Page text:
• Juvenile justice;
  • labeling;
  • peer contagion;
  • juvenile delinquency;
  • adult crime

Background:  The present study uses data from a community sample of 779 low-SES boys to investigate whether intervention by the juvenile justice system is determined, at least in part, by particular individual, familial and social conditions, and whether intervention by the juvenile courts during adolescence increases involvement in adult crime.

Method:  The study considers self-reported crime in childhood and adolescence, and introduces individual, familial and social variables into its analysis.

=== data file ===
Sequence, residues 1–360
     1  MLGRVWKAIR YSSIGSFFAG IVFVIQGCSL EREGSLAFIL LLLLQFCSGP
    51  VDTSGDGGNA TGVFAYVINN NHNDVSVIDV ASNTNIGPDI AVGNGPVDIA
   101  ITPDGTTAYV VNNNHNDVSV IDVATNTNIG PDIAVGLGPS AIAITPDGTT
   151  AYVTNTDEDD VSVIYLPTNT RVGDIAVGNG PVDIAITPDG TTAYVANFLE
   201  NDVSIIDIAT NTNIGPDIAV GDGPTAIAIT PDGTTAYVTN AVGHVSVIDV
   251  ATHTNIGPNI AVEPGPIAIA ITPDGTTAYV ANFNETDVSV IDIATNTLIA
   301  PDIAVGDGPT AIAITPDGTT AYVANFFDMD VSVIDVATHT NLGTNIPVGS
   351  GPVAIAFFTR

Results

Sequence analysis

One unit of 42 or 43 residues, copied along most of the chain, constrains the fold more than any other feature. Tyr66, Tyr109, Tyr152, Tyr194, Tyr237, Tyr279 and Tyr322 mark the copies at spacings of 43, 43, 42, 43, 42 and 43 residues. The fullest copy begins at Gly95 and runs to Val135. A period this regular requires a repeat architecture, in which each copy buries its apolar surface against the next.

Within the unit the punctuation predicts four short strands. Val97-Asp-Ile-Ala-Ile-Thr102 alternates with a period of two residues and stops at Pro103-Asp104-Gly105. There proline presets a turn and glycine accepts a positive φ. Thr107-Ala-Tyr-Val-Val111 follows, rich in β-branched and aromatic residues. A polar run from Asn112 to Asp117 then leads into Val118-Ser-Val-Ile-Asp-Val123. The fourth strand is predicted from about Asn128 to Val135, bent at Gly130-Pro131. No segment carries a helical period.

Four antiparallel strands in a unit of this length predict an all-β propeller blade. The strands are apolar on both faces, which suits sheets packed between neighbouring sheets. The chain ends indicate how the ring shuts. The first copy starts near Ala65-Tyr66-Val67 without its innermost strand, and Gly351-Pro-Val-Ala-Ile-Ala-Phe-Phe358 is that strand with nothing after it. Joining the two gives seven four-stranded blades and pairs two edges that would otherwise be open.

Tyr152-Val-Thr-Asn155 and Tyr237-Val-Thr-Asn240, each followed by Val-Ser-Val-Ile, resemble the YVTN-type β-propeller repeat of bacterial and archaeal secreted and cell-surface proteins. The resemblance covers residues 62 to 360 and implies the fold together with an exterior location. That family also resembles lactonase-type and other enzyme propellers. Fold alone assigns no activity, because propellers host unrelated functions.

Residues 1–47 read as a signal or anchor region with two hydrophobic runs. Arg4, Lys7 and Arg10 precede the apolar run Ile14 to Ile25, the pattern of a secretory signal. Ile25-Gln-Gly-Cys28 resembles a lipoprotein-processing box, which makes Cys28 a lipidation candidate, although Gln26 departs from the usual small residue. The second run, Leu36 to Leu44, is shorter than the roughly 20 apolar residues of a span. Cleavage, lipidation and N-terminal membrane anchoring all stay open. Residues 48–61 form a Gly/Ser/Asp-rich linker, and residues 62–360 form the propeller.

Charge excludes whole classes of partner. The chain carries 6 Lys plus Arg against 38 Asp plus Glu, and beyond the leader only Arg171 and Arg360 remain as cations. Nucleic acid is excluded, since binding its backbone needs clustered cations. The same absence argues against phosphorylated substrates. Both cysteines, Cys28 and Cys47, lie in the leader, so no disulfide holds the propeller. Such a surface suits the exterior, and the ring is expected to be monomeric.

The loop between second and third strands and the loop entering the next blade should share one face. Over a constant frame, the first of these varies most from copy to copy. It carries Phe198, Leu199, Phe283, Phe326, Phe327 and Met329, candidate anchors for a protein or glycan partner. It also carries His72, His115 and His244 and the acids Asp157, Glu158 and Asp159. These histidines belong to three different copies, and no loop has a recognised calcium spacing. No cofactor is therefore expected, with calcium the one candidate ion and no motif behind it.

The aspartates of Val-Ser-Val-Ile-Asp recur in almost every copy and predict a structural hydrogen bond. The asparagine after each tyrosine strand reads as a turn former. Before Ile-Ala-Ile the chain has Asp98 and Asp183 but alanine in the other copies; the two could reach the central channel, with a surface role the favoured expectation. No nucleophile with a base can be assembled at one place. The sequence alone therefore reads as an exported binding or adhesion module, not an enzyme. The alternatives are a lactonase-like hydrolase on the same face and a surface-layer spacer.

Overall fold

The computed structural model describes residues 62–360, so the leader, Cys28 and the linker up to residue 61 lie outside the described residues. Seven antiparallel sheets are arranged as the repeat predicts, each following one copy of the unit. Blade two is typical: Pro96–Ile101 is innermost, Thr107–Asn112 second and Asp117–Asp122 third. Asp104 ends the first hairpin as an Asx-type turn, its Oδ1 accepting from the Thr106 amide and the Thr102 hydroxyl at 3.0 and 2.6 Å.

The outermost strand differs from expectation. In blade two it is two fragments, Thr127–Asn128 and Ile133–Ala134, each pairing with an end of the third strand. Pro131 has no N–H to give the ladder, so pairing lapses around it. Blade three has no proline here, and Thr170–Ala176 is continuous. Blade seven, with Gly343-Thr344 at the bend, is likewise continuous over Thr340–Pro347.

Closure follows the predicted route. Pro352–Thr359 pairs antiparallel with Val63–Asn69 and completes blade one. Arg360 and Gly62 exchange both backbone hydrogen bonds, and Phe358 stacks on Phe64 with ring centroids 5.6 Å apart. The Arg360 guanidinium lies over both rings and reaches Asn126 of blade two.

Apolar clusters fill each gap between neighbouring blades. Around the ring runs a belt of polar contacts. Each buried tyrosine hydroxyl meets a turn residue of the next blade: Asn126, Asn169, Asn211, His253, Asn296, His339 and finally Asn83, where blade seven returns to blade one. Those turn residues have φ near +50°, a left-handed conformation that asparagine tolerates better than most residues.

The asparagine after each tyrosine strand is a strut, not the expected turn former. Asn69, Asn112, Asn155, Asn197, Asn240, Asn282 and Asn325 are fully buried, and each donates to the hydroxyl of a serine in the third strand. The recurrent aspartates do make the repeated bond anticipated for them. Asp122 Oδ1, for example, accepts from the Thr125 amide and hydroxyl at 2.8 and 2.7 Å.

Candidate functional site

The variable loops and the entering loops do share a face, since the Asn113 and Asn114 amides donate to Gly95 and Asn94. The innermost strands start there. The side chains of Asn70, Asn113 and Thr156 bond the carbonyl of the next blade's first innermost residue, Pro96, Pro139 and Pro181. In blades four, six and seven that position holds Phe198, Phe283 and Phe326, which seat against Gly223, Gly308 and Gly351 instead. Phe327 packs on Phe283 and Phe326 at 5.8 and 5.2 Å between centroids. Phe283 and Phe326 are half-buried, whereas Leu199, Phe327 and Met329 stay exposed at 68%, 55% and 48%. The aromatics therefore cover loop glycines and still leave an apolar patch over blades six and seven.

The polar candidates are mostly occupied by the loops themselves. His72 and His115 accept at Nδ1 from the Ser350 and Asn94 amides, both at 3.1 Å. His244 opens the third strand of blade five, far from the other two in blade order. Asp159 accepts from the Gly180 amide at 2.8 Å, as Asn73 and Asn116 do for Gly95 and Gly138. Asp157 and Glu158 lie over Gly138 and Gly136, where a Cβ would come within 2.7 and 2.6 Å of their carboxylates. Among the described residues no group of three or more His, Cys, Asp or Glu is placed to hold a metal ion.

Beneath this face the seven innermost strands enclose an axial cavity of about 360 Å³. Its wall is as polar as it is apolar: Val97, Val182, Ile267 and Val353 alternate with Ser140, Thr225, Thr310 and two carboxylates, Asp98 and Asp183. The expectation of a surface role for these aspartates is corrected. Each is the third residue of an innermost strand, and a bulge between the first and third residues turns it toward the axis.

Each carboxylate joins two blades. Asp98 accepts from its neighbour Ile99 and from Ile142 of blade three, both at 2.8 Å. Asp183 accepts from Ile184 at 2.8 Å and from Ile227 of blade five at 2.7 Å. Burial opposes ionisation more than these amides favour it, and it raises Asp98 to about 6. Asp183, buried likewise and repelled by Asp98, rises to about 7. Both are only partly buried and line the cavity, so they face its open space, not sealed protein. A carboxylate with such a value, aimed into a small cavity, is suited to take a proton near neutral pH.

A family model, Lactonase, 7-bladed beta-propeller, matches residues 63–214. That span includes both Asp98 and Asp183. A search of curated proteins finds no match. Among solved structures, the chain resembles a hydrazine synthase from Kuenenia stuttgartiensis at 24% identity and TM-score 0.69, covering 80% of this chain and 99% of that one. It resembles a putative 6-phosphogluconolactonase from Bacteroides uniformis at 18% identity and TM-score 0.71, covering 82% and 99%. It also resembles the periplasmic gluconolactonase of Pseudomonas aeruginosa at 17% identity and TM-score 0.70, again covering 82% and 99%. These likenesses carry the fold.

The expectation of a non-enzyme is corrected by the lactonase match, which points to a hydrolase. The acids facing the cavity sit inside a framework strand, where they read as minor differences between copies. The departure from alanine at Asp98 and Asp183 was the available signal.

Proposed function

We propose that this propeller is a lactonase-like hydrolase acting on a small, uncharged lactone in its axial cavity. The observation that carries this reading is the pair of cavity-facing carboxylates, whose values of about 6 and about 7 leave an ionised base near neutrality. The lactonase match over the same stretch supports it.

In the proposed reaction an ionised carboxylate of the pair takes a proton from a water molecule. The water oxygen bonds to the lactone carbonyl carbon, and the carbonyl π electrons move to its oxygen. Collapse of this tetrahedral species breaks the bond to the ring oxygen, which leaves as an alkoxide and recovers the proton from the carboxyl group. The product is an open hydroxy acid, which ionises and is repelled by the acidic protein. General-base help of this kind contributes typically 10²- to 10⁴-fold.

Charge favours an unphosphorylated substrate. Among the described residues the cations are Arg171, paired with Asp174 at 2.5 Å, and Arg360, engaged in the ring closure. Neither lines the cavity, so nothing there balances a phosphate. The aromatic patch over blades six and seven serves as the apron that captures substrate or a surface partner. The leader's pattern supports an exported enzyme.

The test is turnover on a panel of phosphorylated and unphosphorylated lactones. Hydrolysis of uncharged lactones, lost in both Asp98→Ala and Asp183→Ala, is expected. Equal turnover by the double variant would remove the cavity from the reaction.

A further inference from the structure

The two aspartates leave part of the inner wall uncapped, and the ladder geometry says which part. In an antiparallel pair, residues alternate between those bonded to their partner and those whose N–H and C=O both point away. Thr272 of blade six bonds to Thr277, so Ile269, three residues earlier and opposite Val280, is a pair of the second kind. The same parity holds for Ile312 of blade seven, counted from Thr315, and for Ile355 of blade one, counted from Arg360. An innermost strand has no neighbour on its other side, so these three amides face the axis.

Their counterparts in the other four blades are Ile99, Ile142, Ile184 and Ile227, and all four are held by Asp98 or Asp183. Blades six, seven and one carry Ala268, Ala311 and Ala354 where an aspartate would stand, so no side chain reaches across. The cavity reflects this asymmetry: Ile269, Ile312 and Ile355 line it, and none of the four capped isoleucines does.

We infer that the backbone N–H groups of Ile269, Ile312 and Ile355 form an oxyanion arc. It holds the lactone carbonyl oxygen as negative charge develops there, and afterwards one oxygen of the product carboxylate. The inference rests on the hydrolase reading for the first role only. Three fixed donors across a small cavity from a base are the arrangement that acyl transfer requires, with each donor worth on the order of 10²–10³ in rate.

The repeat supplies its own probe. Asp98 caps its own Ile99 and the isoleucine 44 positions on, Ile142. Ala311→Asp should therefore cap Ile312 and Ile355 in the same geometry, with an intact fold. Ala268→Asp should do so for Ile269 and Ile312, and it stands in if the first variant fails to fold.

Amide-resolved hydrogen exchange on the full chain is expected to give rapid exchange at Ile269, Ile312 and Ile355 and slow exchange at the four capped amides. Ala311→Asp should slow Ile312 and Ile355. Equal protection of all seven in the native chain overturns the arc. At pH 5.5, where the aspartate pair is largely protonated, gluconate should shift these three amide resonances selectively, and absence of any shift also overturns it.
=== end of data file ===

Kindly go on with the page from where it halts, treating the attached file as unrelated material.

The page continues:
Results:  The results show that youths who are poor, impulsive, poorly supervised by their parents, and exposed to deviant friends are more likely, for the same degree of antisocial behavior, to undergo intervention by the Juvenile Court, and that this intervention greatly increases the likelihood of involvement with the penal system in adulthood. The results also show that the various measures recommended by the Juvenile Court exert a differential criminogenic effect; those that involve placement have the most negative impact.